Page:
How Much Does it Cost to Treat Ovarian Cancer?

Reviewed by: HU Medical Review Board | Last reviewed: May 2021

Ovarian cancer has far-reaching effects. Beyond the physical, mental, and emotional impact, cancer-related expenses may take a serious toll on finances.

Cancer and its treatment can be expensive. Bills for things like copays, medicines, and supplements can quickly add up. Even if you have insurance, paying for treatment and everything that comes with a cancer diagnosis can become costly.

If a cancer diagnosis and its treatment cause you or a loved one to be out of work, lost wages can add to the financial strain.

The expenses may feel overwhelming. It is important to know that there are resources to help with the financial challenges of cancer.

What is financial toxicity?

Financial toxicity is a term for the issues related to the cost of treatment that people with cancer may face. It may also be called financial distress.1

Research shows that people living with cancer and cancer survivors are more likely to have financial toxicity than those without cancer. It refers to the out-of-pocket costs that people face, including:1

  • Copayments
  • Deductibles
  • Coinsurance
  • Prescription drugs
  • Hospital stays
  • Outpatient services

The amount of financial distress can vary on several things, including:1

  • Whether or not you or your partner are working
  • Debt you had before cancer
  • Your assets
  • Costs related to your cancer
  • Your insurance (health and disability) status and benefits

Some things increase your risk of financial distress. This includes having:1

  • Advanced cancer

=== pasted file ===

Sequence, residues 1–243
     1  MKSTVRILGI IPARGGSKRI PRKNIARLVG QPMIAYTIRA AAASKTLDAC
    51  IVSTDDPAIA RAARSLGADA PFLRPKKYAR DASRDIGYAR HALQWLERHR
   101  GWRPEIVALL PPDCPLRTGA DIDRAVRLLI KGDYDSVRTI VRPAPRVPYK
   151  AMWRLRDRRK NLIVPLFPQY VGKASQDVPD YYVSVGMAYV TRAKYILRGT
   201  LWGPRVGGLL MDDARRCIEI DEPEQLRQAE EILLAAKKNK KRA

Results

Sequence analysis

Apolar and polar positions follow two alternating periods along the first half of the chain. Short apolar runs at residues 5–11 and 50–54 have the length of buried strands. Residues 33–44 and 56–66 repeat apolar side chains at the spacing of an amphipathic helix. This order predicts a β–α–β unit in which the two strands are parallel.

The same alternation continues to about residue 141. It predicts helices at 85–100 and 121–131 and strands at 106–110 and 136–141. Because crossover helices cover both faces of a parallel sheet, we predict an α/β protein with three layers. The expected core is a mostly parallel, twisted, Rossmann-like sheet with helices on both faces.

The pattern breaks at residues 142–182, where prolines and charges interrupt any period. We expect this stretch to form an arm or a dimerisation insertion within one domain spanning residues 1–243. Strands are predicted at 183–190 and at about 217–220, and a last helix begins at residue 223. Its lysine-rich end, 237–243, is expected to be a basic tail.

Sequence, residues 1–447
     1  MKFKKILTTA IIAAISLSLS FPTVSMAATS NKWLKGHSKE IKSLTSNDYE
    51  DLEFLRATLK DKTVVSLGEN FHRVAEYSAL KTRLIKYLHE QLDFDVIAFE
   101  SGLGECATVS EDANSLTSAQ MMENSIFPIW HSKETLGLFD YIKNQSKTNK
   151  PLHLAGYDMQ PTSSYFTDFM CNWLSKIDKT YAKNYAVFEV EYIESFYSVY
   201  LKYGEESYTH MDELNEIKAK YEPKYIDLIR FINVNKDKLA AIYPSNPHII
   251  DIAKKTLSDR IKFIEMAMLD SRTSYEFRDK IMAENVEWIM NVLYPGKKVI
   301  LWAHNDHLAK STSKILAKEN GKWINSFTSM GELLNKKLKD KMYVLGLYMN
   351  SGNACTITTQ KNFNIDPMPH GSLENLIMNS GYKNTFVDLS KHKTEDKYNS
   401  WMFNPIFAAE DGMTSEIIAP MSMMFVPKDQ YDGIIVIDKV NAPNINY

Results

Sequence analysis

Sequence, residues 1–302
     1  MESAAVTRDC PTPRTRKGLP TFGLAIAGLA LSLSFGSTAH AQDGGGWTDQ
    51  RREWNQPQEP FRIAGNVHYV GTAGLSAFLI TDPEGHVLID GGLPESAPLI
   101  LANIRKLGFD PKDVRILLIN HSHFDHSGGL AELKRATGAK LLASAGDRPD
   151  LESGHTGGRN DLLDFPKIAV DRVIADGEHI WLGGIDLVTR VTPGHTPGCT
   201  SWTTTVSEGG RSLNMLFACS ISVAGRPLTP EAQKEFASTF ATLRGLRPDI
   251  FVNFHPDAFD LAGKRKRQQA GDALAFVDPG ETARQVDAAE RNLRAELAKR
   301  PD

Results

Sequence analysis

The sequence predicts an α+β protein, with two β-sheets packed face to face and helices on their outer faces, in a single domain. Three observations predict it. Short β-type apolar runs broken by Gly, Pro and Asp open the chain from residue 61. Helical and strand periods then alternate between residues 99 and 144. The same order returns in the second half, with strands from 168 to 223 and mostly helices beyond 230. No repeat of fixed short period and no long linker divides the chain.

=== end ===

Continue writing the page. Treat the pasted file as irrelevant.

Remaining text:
• Cancer that has returned (known as recurrent cancer)
  • More than 1 kind of cancer
  • More than 1 chronic condition at the same time (known as comorbid conditions)

Financial issues and cancer

Research shows that about 40 percent of people in the United States cannot afford an unexpected bill of $400. Plus, more than 50 percent of people living with cancer in the United States report high medical bills, financial stress, or delayed treatments because of the cost. It makes sense that a cancer diagnosis is financially devastating for many people.2

Even with private health insurance, you might have a high deductible, higher copays, and higher coinsurance. This can further drive up medical bills. If you are unable to work because of cancer or its treatment, your income may also be affected.

To help with costs, some people living with cancer may delay taking their prescription drugs, skip medical appointments, and avoid needed medical procedures. All of these things can lead to worse health outcomes and reduced quality of life.2

If you have financial concerns, talk to your doctor and treatment team. They can help you find resources, so you do not have to avoid the medical care you need.

Resources to help with paying for cancer treatment

Many hospitals and cancer centers understand that costs linked to cancer and its treatment can be stressful. Some may have financial specialists who can work with you. They may be able to explain the costs of treatment, your financial options, and what your insurance covers.3

You may want to talk to someone from the hospital billing department. They may be able to discuss payment plans, reduced rates, patient assistance programs, and available charity help.4

Hospital social workers may be aware of programs that can help you. This can include cheaper prescription plans and other cost-saving resources.

Tell your doctors about how much things cost. They might not be able to change anything, but let them know how it affects your medical decisions. They may be able to work with you to come up with a realistic treatment plan that meets your needs.

Other organizations also help with the costs of cancer care, including:3

  • Cancer Financial Assistance Coalition
  • LiveStrong Cancer Navigation Center
  • Patient Advocate Foundation (PAF)
  • RxHope
  • SAMFund

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